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When prostate cancer strikes it naturally causes emotions that bombard a man such emotions as anger denial fear anxiety and depression. These same emotions will affect his family as well. Especially affected will be the children of the man who has a prostate cancer diagnosis.
If very young children may not understand the consequences of the disease but they will be sensitive to the home atmosphere and their parents’ expressions and moods. Even children as young as eighteen months have the capacity to realize something is wrong. Elementary school age children will realize that their parents seem different; therefore they feel fear confusion stress and anger too. They will watch their parents and see such obvious changes in the household like their father working less and visiting the doctor more often. Even their mother has changed seeming distant and less patient with them. One more difference will be noticed too “their parents no longer pay them as much attention. Because of this children may not only grow more demanding and clinging but also may act out by misbehaving.
Teenagers may react with conflicting emotions as well. Teens may grow increasingly angry and experience guilt as they try to become independent of their parents. If the anger and guilt continues to grow they may also act out getting into trouble at school and in public. No matter the child’s age each child may feel abandoned despite the assurances of their parents.
Therefore parents must explain in terms children can understand as they tell them about the cancer. For example parents will use such words as “doctor” for urologist and “medicine” for radiation therapy. However if the child is old enough to comprehend parents can use the correct terminology. Furthermore parents must also encourage children to ask questions and/or express their emotions too. If a child asks a question that parents cannot answer parents should affirm they will discover the answers for them. Prostate cancer should never become a forbidden subject in the home.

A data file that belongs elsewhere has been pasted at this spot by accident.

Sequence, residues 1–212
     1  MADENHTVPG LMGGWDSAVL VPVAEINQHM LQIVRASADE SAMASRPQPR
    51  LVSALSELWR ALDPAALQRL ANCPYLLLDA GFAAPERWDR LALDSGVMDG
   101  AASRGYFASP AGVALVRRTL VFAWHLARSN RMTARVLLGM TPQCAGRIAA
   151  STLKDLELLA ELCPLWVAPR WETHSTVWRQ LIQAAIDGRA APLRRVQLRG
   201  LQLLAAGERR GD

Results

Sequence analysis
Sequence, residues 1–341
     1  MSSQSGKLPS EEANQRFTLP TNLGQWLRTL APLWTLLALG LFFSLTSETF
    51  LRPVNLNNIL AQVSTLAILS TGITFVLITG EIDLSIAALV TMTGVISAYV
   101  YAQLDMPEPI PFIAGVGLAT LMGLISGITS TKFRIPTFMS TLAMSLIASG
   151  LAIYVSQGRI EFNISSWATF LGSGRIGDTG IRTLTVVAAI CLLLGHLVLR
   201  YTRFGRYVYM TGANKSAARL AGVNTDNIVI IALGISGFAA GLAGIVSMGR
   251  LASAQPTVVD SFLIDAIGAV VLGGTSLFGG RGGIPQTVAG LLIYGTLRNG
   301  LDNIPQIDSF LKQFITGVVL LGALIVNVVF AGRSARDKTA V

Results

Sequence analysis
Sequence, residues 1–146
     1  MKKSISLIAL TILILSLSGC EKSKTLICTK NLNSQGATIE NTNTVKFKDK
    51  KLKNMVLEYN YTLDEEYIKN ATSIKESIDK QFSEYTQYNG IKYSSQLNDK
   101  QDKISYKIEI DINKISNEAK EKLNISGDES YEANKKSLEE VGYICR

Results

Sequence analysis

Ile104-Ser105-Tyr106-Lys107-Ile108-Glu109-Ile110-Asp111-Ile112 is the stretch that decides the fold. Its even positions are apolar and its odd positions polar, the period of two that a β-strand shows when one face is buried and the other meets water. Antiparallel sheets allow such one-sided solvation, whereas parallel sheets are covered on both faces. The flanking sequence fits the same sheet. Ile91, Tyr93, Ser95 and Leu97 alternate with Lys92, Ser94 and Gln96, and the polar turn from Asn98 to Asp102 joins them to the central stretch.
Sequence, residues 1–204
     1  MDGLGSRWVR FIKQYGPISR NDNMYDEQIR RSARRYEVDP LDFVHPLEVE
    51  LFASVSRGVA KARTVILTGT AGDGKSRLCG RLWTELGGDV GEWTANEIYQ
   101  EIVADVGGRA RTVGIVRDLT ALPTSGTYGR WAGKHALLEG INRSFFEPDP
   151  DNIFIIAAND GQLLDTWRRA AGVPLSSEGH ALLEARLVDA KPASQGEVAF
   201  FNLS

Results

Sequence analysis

Moreover parents need to remember that children especially teenagers may want to talk to others who are in their lives. Since the parents want their children to become at ease in discussing the subject parents may tell family members coaches teachers and religious leaders about the prostate cancer. In this way the other adults in their children’s lives can help by listening to teenagers and younger children as they freely talk about their emotions and fears concerning the disease. This will especially be helpful if children have a difficult time talking directly to the parents.
However parents need to continue assuring their children of several factors: The child did not cause the father to get cancer “nothing the child thought said or did caused it; cancer is not “catching” and that others in the family will not get it just because dad has it; the cancer does not necessarily mean the parent will die from it and that many people can still live a long time with cancer; and prostate cancer research is discovering better ways of treating cancer.
Tip Of The Week: Living with prostate cancer is never a happy event for any family. However parents can make this time more comfortable for their children by being honest about the cancer discussing it with their children letting their children freely talk about it and ask questions and continue to let their children be just what they are “children. Parents can include the children in allowing them to participate in the parents’ lives such as drawing pictures or washing dishes. Older children can help as well. Parents can ask them to put up groceries dust the furniture or take phone messages etc. These are all activities which may seem very simple yet they might just help younger and older children still feel part of a family.